If we assume that a brain is prerequisite to have a mind then the matter is settled, yet scientific method does not allow for assumptions in evidence of proof. Sure, no one has ever seen a mind without a brain, but as Carl Sagan said so well, “absence of evidence is not evidence of absence”.
When unprovable statements are made under the guise of science, it is at best a failure to honor scientific method. At worst it is intellectual bullying: asserting belief as fact, stifling inquiry. Religious folk don’t have sole claim to righteousness– it can take many forms, and “I’m scientific” is one. Be intellectually honest, honor scientific method: know when you are discussing unproven topics and simply say “I don’t know”.

Positive Thinking

Time to Retire "Hypocrite"

I bet you never called someone a hypocrite and ended that exchange with an increased closeness and respect for each other; the word is filled more with smugness than utility.
Accusing another that way gives us a feeling of superiority, but what a hollow feeling. If someone claims to be a certain way, and you witness them failing to live up to their own goal, better to remind them of their goal and assist them in returning to it. It is not an easy strategy– it can be far more difficult than lobbing an insult – but the reward is substantially more.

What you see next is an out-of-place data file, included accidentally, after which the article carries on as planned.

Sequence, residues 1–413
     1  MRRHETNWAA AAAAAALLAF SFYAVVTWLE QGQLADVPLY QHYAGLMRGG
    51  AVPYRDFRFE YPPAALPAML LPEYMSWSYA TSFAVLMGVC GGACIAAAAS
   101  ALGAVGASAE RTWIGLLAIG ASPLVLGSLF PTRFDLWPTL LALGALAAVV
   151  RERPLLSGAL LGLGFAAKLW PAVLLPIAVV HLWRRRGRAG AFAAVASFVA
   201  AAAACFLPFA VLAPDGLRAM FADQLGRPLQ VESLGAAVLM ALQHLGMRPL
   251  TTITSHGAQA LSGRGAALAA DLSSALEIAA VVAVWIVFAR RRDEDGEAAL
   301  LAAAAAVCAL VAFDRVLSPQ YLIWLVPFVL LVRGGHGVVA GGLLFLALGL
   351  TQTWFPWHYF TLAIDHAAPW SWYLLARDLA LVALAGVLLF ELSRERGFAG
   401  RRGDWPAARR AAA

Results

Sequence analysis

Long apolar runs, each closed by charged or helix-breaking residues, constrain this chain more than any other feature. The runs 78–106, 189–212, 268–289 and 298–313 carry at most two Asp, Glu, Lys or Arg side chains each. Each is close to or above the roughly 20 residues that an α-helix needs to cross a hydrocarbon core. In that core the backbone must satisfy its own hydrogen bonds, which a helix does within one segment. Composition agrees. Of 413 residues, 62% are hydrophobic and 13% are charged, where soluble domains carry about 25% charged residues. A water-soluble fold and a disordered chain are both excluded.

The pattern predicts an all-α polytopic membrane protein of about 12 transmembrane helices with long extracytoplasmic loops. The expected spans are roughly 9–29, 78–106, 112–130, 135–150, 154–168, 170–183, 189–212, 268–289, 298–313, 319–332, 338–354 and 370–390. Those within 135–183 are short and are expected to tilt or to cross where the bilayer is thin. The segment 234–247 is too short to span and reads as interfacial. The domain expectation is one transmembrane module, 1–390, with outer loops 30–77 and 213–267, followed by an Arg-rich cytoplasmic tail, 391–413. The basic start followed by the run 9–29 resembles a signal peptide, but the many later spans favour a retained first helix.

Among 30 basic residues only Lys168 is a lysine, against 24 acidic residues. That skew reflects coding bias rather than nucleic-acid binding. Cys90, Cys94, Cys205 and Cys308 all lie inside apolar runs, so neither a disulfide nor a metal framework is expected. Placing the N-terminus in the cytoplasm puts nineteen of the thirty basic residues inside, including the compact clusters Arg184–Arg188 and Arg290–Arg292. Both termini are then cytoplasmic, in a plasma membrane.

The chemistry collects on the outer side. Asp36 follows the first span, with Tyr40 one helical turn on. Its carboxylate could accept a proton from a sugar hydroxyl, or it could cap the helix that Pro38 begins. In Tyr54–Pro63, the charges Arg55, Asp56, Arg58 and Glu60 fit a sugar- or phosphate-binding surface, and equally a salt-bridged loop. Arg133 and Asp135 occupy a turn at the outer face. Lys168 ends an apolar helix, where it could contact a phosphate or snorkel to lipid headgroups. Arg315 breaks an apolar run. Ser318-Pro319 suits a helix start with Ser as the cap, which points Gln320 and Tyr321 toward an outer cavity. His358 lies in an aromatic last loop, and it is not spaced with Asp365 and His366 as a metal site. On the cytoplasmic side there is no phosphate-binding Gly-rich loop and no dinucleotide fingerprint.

You may think that the price that you pay for this strategy is the heated conversation that will surely ensue. But there is a higher price: by being tough on them in reminding them to keep with their goals, you give them permission to be just as tough on you when you slide from your own goals. This the true reason we fail to assist others when they slide; because when we slide it’s not because we forgot, it’s because keeping our goal is difficult, and we don’t want anyone keeping us to our commitment. When we remind someone else that they slid from their commitments and make them uncomfortable in asking them to recommit, we give the other person (and implicitly, everyone) permission to do the same with us.